Inari-Zushi

Rate this recipe

banner

Preparation info

  • Serves

    4

    • Difficulty

      Medium

Appears in

Living Shojin Ryori

Living Shojin Ryori

By Danny Chu

Published 2018

  • About

In Japanese, inari means rice load. Inari is the Shinto god of harvest, fertility, rice, agriculture and worldly success. Shinto temples house fox statues believed to be messengers for wishes. Inari-zushi, shaped like mice, are made as offerings to these fox messengers. Others believe inari-zushi look like fox’s ears, symbolising bags of good news.

Ingredients

  • 4 abura-age (7 cm / in by 4 cm / in)
  • 150 g (5⅓ oz) Japanese short-grain rice
  • 3-cm (-in) piece of konbu
  • 160 ml ( fl oz) water
  • 3 Tbsp toasted and ground sesame seeds

Simmering Stock

  • 200 ml (6⅔ fl oz) mushroom dashi
  • 2 Tbsp Japanese soy sauce
  • 2 Tbsp mirin
  • 2 Tbsp raw sugar

Method

Prepare Japanese rice by washing and draining in a sieve for 15 minutes. Add konbu and water to rice and soak for 30 minutes. Pour konbu, water and rice into rice cooker and cook according to manufacturer’s directions.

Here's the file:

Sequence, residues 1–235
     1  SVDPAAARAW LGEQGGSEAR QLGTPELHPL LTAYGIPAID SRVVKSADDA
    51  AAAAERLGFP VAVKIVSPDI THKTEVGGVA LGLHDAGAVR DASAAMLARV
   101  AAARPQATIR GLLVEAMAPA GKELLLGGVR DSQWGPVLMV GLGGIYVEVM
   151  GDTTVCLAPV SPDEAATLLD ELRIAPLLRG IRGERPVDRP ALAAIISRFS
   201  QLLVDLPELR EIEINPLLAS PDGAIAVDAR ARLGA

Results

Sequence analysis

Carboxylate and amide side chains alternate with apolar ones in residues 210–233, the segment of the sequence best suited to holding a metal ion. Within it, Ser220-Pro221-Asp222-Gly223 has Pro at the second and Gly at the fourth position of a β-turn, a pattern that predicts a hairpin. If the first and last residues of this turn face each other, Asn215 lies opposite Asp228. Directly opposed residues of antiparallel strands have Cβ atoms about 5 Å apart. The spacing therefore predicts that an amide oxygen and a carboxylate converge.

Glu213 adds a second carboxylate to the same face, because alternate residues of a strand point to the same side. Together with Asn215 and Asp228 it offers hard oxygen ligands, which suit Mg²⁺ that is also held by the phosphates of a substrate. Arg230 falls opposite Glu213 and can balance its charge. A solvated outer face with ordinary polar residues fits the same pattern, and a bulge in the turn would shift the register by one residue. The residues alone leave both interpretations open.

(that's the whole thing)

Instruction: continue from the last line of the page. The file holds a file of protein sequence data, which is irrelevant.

When rice is done, fluff up and add toasted and ground sesame seeds. Mix well. Set aside to let it cool to room temperature.

Flatten each piece of abura-age with a rolling pin and cut into halves to get 8 halves. Gently open each abura-age to form a pouch. Pour boiling water onto abura-age to remove excess oil. Drain well.

Prepare mushroom dashi in a saucepan. Add soy sauce, mirin and sugar and bring to a boil. Reduce heat and add abura-age pieces. Simmer for 15 minutes. Remove and set aside to cool for at least 3 hours. Before use, gently squeeze out excess liquid (the abura-age pouches should still be moist).

Fill up the abura-age pouches with rice. Wrap up the opening by overlapping the ends and serve 2 pouches per portion.